Found out a couple of interesting things looking into credit card debt in Europe; I had thought that legislation in Europe might protect consumers more by, e.g., forcing credit companies to clearly show the number of months to payoff if the "minimum monthly payment" below the this minimum payment amount (people have tried a couple times unsucessfully to pass this in the U.S.). The debt in Europe is somewhat lower, but increasing fairly fast, especially in England:

Also, this article points out that we should avoid thinking of the distribution of credit card debt in the US as a Gaussian centered around the oft-quoted figure of $9000 avg. debt/household. It has a large peak (55%) with little or no debt, and then a distribution of the remaining 45% which must average about $20000.
Note: I don't think the tone of this article is too helpful to people working to pay off credit-card debt, but this "bi-modal" distribution fits better with my experience of what I know of credit card debt among family/friends (and myself).

Also, if you like this blog by Jason, I recommend "The Motley Fool's Guide to Personal Finance"! It is ** very ** entertainingly written, and has (what seemed to me to be) sensible advice, based on calculations of interest and basic financial math much like this post. Now, having read and enjoyed the book, I just need to start applying their advice more...

danimal said...

The link to the second article was cut off in the previous post. Here it is in three lines (you'll have to cut and paste, sorry!):

Joe Holt said...

Unrelated to finance, I find sites like useful for posting otherwise long and unwieldy urls.

Joe Holt said...

Jason, here are some thoughts on credit scores vs. risk scores, in light of the current "crisis". From the livejournal of Bram Cohen:

Anonymous said...

um, Mr. Zimba? what's the answer to your friend's question about situation: test?

Is it gonna be on the test?

JasonZimba said...

hee hee

For the sake of interest, here is the response I gave at the time:

This is basically an investment strategy question. You have a finite resource (time) and you want to know how to invest it in studying, to achieve a certain return (test score). As with any investment question, the probabilities can only give you the raw data. The final decision you make always depends on how willing you are to tolerate risk.

For now, I assume that the test will have two questions. Later I'll rewrite it for the case of a three-question test.

At one extreme, suppose you study only one question. This strategy has the best upside, because if that question is on the test, then you knock it out of the park. But this strategy also has the most severe downside risk, because there is a 60% chance that your question will not even be on the test. Most of us would not seek to maximize our possible upside if it meant exposing us to a 60% risk of complete failure.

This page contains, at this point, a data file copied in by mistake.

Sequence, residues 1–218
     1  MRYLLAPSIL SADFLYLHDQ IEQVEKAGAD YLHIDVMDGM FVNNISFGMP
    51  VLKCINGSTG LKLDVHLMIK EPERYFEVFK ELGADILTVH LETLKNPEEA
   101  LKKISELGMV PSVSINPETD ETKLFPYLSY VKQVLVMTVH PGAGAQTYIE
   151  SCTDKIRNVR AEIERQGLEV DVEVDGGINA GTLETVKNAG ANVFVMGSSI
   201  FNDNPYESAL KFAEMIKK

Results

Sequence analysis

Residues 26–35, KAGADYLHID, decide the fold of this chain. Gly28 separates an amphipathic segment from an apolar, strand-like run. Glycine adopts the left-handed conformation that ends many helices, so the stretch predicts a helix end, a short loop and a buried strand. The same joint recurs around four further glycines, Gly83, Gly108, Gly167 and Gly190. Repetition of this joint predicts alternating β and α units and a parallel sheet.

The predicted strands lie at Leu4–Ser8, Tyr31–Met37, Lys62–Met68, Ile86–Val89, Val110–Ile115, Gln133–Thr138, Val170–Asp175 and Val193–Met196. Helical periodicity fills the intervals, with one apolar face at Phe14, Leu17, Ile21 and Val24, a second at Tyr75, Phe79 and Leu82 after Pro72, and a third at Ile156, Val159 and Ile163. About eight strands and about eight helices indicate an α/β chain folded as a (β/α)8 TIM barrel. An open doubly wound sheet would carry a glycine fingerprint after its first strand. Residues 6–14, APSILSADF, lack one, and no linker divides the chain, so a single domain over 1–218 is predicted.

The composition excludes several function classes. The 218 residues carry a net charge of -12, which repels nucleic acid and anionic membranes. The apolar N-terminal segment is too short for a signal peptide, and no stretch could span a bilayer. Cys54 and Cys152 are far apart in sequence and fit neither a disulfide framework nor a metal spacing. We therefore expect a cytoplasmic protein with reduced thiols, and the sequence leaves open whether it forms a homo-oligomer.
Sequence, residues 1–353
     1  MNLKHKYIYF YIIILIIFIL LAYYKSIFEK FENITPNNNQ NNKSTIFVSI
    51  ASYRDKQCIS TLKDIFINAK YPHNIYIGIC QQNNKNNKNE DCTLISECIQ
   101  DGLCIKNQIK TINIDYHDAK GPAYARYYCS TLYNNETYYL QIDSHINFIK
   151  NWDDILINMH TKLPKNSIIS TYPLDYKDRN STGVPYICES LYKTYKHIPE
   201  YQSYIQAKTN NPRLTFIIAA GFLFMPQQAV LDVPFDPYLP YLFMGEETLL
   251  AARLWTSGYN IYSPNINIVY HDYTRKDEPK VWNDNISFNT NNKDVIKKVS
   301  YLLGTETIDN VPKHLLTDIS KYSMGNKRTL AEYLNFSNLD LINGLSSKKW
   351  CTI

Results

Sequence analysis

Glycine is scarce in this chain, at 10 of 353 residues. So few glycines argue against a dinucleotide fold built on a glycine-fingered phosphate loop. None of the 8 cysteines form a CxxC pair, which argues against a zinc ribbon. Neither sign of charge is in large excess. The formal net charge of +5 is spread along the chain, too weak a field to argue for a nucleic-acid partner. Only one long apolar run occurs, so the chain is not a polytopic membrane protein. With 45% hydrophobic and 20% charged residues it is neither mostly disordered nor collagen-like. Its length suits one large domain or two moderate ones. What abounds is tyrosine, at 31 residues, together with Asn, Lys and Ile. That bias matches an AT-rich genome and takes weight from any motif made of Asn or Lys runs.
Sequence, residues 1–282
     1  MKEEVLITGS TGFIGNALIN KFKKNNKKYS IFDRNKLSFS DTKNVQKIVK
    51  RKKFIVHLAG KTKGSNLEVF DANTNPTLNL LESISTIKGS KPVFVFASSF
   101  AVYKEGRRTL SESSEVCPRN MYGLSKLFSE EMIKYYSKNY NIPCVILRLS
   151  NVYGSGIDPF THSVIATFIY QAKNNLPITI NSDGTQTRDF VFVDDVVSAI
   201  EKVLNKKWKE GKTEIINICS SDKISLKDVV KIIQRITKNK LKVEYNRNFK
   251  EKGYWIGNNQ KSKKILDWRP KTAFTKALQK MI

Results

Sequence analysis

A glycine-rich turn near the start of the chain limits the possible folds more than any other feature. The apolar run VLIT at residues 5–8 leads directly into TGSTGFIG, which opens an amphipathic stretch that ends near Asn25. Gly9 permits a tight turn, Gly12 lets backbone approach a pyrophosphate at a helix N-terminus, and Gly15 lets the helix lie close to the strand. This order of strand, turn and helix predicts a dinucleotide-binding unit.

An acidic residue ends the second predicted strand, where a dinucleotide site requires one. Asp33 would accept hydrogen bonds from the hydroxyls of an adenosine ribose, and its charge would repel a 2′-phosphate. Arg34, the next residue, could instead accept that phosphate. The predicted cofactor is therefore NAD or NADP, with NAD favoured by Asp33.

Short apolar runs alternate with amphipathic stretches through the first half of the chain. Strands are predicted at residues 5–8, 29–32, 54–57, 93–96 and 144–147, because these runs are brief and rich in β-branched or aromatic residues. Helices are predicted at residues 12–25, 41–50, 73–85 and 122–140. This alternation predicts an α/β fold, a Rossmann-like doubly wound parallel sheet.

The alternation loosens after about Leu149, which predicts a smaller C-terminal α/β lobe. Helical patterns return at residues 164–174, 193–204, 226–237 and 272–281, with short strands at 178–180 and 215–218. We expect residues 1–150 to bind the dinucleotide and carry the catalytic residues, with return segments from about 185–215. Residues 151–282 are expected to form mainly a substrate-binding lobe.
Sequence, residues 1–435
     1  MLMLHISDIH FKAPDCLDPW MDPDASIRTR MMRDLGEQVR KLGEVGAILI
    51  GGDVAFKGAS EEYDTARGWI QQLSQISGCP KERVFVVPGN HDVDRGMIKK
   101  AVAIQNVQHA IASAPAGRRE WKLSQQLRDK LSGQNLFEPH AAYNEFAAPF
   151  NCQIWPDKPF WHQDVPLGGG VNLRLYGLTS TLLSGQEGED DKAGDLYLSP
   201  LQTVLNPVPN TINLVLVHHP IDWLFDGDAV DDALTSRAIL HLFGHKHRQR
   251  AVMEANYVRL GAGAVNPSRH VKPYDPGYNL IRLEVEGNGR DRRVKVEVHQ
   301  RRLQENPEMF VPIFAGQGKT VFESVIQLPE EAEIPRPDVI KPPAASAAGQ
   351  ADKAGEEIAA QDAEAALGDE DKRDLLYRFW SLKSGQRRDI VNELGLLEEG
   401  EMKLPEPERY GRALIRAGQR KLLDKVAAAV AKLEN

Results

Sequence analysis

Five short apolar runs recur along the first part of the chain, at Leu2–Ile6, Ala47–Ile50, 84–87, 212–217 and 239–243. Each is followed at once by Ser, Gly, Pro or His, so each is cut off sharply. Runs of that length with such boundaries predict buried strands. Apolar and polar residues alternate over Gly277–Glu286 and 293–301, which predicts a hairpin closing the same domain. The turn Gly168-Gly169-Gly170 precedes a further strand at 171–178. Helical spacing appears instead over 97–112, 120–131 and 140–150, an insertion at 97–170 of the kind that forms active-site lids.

At the other extreme, suppose you study four questions. This strategy has the least downside risk, because it is guaranteed that one of your questions will be on the test. But you pay this security by losing upside: your score on the question will not be as high, because you won't have studied it as thoroughly. This tradeoff may make sense if failing the test is a disaster to be avoided at all costs.

The middle-of-the-road strategies are to study 2 or 3 questions. Here the downside risk is not as high as when you study 1 question, and the score attained if a question is on the test is higher than if you study 4 questions.

The story is much the same if the test has three questions. Except now, you only have to study 3 questions to be completely certain that one of your questions will be on the test.

To summarize the basic data:

Assuming there are two questions on the test, chosen from a pool of five, and you have to answer one:

If you study... Best poss. score... Strategy value... Chance that none of your question(s) will show up on the test is...

1 question 100 40 60%
2 questions 50 35 30%
3 questions 33 30 10%
4 questions 25 25 0%

Assuming there are three questions on the test, chosen from a pool of five, and you have to answer one:

1 question 100 60 40%
2 questions 50 45 10%
3 questions 33 33 0%
4 questions 25 25 0%

The best possible score assumes a simplistic picture according to which, if you spend all the available time on one question, you get a perfect score on it, and if you share the available time among N problems, then your score on any one of them would be 100/N. This is a severe dropoff, but it's just so one can assign some numbers.

The "Strategy value" is the weighted average of the best possible score (100/N) and the worst possible score (zero), with weights given by the appropriate probabilities.

Now the basic investment game is, as always, picking a strategy that compromises between high value and low risk. The math won't tell you that...

Personally, I am willing to tolerate risk when it comes to money, but not when it comes to test score. :) I'd probably end up studying 3 or 4 questions.